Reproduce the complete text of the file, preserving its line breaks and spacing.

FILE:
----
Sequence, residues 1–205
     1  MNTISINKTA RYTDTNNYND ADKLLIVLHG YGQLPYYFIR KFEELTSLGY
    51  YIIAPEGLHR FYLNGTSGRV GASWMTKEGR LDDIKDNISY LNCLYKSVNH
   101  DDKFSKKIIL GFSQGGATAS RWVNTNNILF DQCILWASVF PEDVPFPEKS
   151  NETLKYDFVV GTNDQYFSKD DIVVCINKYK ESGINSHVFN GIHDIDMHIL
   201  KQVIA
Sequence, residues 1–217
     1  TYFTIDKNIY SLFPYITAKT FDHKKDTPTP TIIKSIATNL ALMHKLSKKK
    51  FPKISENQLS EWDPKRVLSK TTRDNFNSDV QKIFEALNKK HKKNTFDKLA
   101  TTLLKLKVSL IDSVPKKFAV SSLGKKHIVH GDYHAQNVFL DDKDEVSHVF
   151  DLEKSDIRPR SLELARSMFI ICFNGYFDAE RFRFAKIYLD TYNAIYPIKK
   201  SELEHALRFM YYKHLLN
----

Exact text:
Sequence, residues 1–205
     1  MNTISINKTA RYTDTNNYND ADKLLIVLHG YGQLPYYFIR KFEELTSLGY
    51  YIIAPEGLHR FYLNGTSGRV GASWMTKEGR LDDIKDNISY LNCLYKSVNH
   101  DDKFSKKIIL GFSQGGATAS RWVNTNNILF DQCILWASVF PEDVPFPEKS
   151  NETLKYDFVV GTNDQYFSKD DIVVCINKYK ESGINSHVFN GIHDIDMHIL
   201  KQVIA
Sequence, residues 1–217
     1  TYFTIDKNIY SLFPYITAKT FDHKKDTPTP TIIKSIATNL ALMHKLSKKK
    51  FPKISENQLS EWDPKRVLSK TTRDNFNSDV QKIFEALNKK HKKNTFDKLA
   101  TTLLKLKVSL IDSVPKKFAV SSLGKKHIVH GDYHAQNVFL DDKDEVSHVF
   151  DLEKSDIRPR SLELARSMFI ICFNGYFDAE RFRFAKIYLD TYNAIYPIKK
   201  SELEHALRFM YYKHLLN